That was the post Adam Wilson made to Twitter by using only his brain. Wearing a special red cap fitted with electrodes that connected to a computer flashing letters, by concentrating on the letters he wanted, Wilson was able to Twit the small message on the screen in front of him.
What this means for the rest of the world is almost beyond comprehension for those of us that regularly type, text, and click to send messages, visit websites, write emails, etc. What this means for persons with physical disabilities, who have perfectly functioning brains but ill-functioning bodies, is that they may be able to communicate as easily someday as the rest of us do. And all it takes is a silly red cap with electrodes. No cumbersome pointing devices held by the teeth or strapped to the head, or custom keyboards that will take the pounding of a fist because the fingers can’t move.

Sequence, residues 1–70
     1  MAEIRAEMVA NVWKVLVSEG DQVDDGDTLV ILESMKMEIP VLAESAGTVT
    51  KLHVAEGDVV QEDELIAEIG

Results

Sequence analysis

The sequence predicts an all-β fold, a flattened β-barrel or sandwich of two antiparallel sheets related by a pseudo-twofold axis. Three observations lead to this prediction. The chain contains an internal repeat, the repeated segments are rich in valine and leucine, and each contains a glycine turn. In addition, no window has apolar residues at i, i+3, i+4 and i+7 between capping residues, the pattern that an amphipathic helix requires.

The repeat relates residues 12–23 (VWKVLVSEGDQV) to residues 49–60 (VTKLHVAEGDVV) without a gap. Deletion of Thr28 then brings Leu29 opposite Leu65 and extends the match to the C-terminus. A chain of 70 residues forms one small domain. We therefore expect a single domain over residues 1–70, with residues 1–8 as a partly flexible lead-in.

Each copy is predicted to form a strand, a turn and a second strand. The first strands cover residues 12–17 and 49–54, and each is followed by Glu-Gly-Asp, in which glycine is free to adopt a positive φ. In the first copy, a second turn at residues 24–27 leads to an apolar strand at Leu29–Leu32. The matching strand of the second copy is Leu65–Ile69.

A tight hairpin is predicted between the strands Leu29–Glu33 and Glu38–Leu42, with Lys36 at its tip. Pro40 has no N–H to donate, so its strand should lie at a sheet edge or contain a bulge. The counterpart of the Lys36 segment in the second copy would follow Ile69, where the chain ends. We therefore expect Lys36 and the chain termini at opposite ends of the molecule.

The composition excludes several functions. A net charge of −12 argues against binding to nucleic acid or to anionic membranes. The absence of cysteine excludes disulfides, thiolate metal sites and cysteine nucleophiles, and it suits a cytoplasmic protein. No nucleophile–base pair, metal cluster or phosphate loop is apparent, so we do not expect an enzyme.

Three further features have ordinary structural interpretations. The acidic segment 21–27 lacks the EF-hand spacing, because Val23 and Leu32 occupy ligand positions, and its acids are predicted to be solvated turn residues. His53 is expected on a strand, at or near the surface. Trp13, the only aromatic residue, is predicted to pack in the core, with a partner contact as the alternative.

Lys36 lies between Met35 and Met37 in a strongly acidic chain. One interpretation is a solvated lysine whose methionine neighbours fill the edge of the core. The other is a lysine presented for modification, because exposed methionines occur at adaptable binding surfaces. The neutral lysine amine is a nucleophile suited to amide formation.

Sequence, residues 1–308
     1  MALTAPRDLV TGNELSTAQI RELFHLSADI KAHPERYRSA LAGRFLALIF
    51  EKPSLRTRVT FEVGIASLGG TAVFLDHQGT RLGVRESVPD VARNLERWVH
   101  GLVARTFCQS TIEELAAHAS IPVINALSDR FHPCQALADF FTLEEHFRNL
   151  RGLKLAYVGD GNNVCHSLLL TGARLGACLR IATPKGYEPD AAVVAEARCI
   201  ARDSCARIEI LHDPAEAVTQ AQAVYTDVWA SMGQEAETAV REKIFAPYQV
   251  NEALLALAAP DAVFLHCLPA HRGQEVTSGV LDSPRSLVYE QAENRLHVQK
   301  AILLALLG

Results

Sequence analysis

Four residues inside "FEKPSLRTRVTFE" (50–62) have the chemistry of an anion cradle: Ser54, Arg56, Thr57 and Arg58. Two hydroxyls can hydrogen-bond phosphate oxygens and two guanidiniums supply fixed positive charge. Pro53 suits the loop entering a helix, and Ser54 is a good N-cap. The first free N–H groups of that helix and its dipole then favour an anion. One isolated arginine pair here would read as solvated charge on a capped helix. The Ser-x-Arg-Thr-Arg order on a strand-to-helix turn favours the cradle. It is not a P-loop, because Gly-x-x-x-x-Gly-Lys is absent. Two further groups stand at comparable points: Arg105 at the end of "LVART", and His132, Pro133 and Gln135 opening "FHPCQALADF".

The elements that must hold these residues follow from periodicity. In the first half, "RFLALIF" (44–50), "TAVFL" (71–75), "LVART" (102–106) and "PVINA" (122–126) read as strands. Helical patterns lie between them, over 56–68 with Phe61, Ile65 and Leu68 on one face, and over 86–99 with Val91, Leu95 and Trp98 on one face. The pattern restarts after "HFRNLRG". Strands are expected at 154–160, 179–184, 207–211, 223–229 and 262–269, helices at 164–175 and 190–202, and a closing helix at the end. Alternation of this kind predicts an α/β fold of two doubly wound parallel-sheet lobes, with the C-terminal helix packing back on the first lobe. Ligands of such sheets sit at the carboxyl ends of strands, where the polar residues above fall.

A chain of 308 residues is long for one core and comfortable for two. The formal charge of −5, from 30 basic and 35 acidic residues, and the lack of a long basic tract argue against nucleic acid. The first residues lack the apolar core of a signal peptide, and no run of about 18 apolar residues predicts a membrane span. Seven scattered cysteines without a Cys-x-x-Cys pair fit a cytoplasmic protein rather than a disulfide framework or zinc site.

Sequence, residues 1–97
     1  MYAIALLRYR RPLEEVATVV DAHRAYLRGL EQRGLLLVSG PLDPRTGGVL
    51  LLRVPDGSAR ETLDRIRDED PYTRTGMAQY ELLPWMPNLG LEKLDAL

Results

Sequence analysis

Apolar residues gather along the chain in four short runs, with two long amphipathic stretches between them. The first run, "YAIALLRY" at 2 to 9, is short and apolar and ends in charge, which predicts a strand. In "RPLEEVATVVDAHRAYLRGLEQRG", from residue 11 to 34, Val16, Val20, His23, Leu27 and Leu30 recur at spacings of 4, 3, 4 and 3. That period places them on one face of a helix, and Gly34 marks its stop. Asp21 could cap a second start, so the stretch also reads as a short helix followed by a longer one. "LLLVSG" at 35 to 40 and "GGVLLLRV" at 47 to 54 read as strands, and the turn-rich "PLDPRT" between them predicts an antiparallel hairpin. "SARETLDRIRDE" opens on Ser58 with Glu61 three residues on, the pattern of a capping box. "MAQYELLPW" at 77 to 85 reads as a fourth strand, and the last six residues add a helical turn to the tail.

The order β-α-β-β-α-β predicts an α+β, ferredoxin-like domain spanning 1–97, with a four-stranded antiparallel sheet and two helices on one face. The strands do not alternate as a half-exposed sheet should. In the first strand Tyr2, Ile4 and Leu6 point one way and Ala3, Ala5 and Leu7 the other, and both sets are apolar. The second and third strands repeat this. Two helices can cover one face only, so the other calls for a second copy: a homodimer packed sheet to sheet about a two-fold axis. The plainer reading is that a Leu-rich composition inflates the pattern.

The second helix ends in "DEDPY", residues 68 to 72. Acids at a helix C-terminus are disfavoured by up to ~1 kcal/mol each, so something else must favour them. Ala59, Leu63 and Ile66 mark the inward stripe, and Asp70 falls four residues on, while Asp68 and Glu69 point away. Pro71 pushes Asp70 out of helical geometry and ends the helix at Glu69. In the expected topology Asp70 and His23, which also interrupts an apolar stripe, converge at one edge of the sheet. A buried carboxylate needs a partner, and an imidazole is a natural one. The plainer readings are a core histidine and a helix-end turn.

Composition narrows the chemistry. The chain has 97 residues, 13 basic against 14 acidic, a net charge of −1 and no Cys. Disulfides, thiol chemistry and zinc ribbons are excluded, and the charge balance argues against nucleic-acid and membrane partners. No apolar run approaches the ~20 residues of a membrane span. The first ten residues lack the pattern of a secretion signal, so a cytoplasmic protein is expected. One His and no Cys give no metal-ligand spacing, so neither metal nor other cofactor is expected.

What is even more surprising and exciting about this breakthrough is that it uses two existing products to do its job. Twitter, of course, already exists and functions well for many people. The electrode “brain cap” already exists as well, and is still being fine-tuned for work with computers. Previous work had been focused on using brain implants to communicate, but this work is 10 years or more from any type of fruition. Using existing products, Wilson, and his supervisor Justin Williams (both work for the University of Wisconsin) made the link that had not been made before.
This is exciting news for those suffering from debilitating, paralyzing injuries, whose brains are able to function normally in all ways except in the ability to communicate. Hundreds of thousands of people in the United States alone suffer from such disabilities. These types of breaks in technology can really leapfrog researchers ahead in their efforts to bring accessibility to all.